OrthoSC torpedoed residency program to maintain Myrtle Beach monopoly, lawsuit alleges

·2 min read

A potentially prosperous orthopedic surgery residency program was shut down due to threats by a group of Myrtle Beach-area doctors who “did not want to be training their competition,” according to the former director of that program.

Dr. Scott Duncan, a longtime orthopedic surgeon who was tasked with starting the graduate medical education program at Grand Strand Regional Medical Center, filed a lawsuit last week against his now-former employer and OrthoSC alleging illegal interference and civil conspiracy, among other claims.

HCA Healthcare, the parent company of Grand Strand Regional Medical Center, recruited Duncan in 2017 from Boston, Massachusetts, where he was serving as chairman of the orthopedic surgery department for Boston Medical Center, to start and serve as director of a new residency program, the suit states.

They promised Duncan could serve as director at least five years with an extension likely if the program was successfully implemented, and the two sides agreed to work together to persuade OrthoSC to provide doctors to serve as staff for the program, according to the complaint.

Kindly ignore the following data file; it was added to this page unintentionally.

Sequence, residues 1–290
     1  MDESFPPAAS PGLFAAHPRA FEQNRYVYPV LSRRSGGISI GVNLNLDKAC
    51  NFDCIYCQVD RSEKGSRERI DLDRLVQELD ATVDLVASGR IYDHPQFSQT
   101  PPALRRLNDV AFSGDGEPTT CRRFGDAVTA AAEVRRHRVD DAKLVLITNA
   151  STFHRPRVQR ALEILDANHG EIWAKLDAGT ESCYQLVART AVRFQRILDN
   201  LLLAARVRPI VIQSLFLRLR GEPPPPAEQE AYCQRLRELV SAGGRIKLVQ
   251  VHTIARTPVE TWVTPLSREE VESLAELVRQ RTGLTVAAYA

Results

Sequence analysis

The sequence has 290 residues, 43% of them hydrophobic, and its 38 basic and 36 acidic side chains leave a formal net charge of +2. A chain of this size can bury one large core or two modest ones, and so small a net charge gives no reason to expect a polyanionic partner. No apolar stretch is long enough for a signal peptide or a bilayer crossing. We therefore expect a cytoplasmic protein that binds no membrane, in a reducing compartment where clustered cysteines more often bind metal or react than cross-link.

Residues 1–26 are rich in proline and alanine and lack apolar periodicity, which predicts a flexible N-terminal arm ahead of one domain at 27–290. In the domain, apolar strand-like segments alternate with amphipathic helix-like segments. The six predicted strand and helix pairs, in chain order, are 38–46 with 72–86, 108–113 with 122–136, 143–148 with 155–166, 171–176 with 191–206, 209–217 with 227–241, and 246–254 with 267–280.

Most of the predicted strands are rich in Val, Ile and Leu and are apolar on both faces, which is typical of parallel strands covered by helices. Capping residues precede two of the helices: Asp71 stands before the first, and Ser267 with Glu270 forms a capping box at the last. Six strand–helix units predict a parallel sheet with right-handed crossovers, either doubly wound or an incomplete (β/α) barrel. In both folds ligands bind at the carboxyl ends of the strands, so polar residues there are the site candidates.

Grand Strand Regional Medical Center.
Grand Strand Regional Medical Center.

OrthoSC represents a contingent of at least 30 doctors in the Myrtle Beach, Conway and Murrells Inlet markets that specialize in orthopedic surgeries and treatment, and its members have surgical affiliations with Grand Strand Regional Medical Center, according to its website.

When Duncan felt that conversations with representatives from OrthoSC indicated they weren’t interested in 2018, he began interviewing other candidates, as HCA had agreed to hire its own staff for the program if OrthoSC wasn’t interested, the suit states.

But after OrthoSC was given a deadline to decide, one of its executive board members, Dr. Gene Massey, sent an email to the president of HCA’s Southeast Atlantic division threatening to pull all of their surgical cases from Grand Strand Regional Medical Center to one of their competitor’s hospitals if the residency program continued, Duncan alleges.

“Massey also stated and represented to (the HCA division president) words to the effect that Defendant OrthoSC and its member doctors ‘did not want to be training their competition’ and that the GME program threatened Defendant OrthoSC’s monopoly in the relevant market in Myrtle Beach, Conway, and Murrells Inlet,” the complaint reads.

As a result of those threats, HCA canceled the residency program and terminated Duncan without cause in April, prior to conclusion of the five years promised in his employment agreement, according to the suit.

Duncan, who did not respond to an interview request, is seeking unspecified financial damages. Massey and OrthoSC could not be reached prior to publication.

Katie Maclay, a spokeswoman for Grand Strand Health, responded that they are aware of the lawsuit but declined to comment on the allegations.

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